The mass expands or shortens space-time

Time stretching

April 8, 2017, 9:58 pm

Time stretching is an essential consequence of both the Special (SRT) and the General (GTR) relativity theory. According to the theory of relativity, time passes at different speeds in different frames of reference, since its course is influenced by the movement of the observer and gravity.

According to Einstein's SRT, the flow of time in a stationary reference system runs differently than in a system that moves relative to the observer. The faster it moves, the slower the time in a reference system: Moving clocks tick more slowly than chronometers that are at rest relative to them - for example in a very fast moving spaceship.

This relativistic effect has nothing to do with a mechanical disturbance of clocks, but is a property of time itself, which is called "time dilation" or "time stretching". In the theory of relativity, all inertial systems have equal rights, which is why we always see the clock moving relative to us going slower.

Time stretching affects all natural processes

Time expansion affects all natural processes, including the aging of human cells. A fast-flying astronaut therefore ages more slowly than a person on Earth. Since this time expansion only becomes significant at speeds close to the speed of light (approx. 300,000 km / s), it does not play a role in everyday life, apart from a few exceptions (e.g. with the satellite navigation system GPS).

Nevertheless, time dilation was proven experimentally as early as the 1970s. After several days of flight around the world in a westerly direction, four atomic clocks that were carried along were actually several billionths of a second behind the atomic clocks resting on the ground.

Until the standstill of time

According to the ART, however, gravity also influences the flow of time. The stronger the force of gravity in a reference system, the more slowly clocks tick, i.e. the closer they come to celestial bodies. This time expansion has an effect in the universe above all in the vicinity of very massive cosmic objects. If we could observe an astronaut approaching a black hole, we would notice a steadily increasing time expansion that becomes infinite at the event horizon of the black hole. From our point of view, the astronaut's time would literally stand still there.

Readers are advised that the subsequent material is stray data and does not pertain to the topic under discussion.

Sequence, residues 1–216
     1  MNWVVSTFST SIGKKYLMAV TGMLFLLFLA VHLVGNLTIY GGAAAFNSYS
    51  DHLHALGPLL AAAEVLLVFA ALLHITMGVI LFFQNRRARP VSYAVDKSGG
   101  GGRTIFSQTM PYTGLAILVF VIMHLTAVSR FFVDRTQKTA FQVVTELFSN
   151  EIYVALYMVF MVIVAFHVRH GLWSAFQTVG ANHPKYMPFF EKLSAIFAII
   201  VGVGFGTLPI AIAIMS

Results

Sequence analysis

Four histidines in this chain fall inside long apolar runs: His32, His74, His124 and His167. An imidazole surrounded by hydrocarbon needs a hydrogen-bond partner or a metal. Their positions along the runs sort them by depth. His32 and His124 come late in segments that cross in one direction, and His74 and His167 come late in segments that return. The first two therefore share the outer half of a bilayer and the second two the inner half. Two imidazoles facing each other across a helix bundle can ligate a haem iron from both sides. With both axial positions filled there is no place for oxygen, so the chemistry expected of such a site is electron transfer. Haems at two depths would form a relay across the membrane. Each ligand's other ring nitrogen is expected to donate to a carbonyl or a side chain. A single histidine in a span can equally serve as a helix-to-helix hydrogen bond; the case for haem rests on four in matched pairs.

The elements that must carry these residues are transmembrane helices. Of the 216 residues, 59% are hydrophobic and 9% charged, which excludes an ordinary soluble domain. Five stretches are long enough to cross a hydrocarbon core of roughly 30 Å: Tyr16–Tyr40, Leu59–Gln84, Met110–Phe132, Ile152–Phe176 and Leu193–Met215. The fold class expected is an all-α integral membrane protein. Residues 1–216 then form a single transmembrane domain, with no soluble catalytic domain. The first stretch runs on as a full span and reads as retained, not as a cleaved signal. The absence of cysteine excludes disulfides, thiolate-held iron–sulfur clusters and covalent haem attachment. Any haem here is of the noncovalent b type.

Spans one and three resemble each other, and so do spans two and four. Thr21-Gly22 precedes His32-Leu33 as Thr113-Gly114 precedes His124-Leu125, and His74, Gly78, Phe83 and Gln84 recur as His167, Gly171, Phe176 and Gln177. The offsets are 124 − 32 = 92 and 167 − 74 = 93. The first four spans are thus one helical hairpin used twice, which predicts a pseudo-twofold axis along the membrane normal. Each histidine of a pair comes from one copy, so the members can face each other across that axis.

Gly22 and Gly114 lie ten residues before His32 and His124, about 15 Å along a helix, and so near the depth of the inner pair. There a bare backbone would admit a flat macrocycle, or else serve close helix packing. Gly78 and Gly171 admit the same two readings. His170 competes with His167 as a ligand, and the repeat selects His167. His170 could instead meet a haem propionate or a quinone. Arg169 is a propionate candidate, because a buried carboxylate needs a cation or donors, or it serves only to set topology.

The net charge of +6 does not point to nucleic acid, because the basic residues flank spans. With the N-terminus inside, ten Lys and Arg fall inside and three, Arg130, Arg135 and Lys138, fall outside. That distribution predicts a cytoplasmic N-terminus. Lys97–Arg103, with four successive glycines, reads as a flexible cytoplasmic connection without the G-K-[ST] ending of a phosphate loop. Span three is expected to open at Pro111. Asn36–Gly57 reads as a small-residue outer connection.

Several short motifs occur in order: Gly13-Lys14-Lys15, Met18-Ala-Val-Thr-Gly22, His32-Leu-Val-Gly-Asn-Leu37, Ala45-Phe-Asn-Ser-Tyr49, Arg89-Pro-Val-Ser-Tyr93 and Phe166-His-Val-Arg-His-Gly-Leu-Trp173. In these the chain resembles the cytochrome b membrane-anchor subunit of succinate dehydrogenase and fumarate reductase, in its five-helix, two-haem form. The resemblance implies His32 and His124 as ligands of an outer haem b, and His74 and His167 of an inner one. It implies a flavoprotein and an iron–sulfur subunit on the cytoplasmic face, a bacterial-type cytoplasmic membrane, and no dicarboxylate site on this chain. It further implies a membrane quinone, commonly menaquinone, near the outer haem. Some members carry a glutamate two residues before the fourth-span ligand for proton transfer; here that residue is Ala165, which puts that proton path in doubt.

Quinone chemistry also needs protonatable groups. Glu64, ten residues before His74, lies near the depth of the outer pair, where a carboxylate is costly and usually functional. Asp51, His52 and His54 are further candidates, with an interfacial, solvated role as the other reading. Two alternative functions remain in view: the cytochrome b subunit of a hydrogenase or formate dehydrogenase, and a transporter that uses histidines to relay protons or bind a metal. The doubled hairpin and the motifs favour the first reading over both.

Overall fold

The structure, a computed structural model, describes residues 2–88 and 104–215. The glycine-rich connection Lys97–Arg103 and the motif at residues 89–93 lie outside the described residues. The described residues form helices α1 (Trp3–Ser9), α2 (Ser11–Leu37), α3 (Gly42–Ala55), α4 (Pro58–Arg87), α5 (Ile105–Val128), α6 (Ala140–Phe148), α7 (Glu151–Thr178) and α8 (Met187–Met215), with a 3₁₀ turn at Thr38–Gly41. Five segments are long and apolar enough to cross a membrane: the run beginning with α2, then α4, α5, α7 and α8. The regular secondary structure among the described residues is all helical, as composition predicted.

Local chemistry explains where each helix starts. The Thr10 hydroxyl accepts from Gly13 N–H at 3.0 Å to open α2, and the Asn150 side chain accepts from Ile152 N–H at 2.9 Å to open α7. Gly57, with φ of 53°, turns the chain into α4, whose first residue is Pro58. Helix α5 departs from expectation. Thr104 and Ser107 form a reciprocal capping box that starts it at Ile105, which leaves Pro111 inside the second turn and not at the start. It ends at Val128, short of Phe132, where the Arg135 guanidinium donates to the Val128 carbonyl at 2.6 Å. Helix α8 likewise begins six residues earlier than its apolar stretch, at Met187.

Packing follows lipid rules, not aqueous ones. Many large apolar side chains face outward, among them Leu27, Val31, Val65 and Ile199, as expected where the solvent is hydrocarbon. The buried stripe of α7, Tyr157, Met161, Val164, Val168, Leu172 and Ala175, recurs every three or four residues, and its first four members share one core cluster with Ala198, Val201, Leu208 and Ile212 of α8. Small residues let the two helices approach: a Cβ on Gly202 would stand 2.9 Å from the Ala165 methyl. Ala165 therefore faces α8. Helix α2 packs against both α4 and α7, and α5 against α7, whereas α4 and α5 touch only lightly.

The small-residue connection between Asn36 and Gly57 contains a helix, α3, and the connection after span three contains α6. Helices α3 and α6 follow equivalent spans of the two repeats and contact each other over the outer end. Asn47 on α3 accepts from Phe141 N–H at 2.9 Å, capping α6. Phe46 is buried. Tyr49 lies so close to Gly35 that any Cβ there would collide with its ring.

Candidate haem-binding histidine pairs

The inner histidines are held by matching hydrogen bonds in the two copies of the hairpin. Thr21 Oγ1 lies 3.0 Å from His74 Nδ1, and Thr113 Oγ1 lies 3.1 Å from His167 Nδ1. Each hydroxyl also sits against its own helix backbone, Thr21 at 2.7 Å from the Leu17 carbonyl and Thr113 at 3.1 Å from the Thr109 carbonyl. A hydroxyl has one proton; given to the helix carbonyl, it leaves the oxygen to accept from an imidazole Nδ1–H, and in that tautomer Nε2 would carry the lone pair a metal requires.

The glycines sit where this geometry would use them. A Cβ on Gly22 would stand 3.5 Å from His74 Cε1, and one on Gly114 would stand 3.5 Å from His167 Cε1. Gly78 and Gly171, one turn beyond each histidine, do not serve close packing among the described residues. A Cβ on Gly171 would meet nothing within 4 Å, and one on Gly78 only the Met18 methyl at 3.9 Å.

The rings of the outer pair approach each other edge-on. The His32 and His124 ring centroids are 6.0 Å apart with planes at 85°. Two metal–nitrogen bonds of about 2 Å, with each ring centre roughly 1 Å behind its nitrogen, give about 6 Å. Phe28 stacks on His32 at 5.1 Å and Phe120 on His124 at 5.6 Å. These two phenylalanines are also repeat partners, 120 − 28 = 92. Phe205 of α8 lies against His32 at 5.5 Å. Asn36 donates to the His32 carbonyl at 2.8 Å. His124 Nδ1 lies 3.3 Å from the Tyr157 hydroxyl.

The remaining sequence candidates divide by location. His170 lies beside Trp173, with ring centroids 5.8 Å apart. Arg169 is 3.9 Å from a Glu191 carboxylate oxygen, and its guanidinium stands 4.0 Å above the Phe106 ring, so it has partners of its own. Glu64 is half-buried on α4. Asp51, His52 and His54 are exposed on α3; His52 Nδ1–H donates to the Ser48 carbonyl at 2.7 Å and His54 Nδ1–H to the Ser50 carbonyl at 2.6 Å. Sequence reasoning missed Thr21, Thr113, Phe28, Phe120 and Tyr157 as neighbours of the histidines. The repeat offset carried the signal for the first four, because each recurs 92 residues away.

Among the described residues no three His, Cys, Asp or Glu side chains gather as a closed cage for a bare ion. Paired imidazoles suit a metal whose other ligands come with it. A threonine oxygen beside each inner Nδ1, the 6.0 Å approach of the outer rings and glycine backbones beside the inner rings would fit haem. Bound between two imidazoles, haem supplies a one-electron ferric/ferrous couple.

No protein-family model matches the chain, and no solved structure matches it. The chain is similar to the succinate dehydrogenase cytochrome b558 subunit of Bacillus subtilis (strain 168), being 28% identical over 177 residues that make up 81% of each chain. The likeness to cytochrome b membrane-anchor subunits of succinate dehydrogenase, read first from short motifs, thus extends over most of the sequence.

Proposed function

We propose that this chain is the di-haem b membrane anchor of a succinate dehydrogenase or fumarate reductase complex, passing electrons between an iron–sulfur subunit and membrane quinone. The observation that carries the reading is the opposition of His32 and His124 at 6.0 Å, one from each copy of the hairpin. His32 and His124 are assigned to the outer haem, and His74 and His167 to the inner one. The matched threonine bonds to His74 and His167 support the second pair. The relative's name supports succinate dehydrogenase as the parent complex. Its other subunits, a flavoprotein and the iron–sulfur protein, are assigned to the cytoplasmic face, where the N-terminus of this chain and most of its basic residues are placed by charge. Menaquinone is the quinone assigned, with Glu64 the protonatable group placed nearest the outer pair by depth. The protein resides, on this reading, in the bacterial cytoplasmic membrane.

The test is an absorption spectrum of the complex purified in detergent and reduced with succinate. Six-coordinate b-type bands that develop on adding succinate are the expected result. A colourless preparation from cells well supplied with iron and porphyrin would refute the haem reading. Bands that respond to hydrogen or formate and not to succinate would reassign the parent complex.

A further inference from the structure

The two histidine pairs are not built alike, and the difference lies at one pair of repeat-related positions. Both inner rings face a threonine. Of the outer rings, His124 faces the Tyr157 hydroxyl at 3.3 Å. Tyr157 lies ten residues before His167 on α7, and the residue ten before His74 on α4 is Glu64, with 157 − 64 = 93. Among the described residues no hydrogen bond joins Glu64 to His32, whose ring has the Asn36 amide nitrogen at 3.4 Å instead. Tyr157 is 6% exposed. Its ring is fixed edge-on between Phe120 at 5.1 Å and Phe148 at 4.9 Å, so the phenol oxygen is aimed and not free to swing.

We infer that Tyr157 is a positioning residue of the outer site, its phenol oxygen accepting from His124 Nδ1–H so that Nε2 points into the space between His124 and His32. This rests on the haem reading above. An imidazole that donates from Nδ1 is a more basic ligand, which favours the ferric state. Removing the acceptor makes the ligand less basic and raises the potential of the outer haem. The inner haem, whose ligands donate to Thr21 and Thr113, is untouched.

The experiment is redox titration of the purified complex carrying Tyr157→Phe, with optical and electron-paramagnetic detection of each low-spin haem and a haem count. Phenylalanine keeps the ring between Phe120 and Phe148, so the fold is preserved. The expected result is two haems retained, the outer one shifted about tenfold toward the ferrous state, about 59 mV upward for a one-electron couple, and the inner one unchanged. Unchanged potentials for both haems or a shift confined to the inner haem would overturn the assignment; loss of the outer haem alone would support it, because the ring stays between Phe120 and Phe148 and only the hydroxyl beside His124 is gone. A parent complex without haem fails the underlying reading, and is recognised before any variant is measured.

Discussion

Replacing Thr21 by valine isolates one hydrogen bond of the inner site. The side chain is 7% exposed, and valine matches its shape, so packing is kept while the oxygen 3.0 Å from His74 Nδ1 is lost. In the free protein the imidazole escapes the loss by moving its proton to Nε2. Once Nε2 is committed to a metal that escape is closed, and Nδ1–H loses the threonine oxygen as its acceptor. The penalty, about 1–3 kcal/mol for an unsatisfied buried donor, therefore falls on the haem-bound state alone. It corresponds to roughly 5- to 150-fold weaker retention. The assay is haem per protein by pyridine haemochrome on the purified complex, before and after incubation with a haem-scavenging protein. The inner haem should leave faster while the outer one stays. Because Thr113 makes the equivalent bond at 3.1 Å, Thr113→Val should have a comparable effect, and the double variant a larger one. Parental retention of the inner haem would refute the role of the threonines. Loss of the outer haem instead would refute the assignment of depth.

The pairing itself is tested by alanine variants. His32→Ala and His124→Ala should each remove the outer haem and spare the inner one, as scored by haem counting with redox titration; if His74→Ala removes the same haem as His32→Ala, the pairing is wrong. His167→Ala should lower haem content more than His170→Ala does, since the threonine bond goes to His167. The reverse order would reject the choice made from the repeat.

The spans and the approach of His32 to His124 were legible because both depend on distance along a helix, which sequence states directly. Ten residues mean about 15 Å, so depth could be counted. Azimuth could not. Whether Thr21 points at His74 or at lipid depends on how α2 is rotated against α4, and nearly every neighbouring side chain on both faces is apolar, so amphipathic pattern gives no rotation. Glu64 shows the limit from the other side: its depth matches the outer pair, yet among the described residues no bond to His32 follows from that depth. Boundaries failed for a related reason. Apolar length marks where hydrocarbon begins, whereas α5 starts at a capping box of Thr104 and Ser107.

But even on earth, the time expansion caused by gravity has an effect, but again only in tiny values. According to the ART, a person's head ages seven seconds faster than their feet in a billion years because they are closer to the ground, where a slightly stronger force of gravity acts. Admittedly, an effect of the theory of relativity that is negligible for practical life, but still real.

The so-called spacetime

In addition to length contraction (moving bodies shrink), time dilation is the most important consequence of SRT. Both relativistic effects are two complementary forms of one and the same physical phenomenon. In the special theory of relativity, time and space are not separate terms, they rather form a four-dimensional unit, the so-called spacetime. In moving systems, time expands by the same factor as space is shortened.

In Newton's classical physics, time was a uniform metronome that assigned the same measure to all processes in nature, an absolute and unalterable quantity in the universe. On the other hand, Einstein's theory of relativity showed that time (and also space) is a variable that depends on the movement of the observer. This gave the term "time" a relative meaning in physics and in the universe.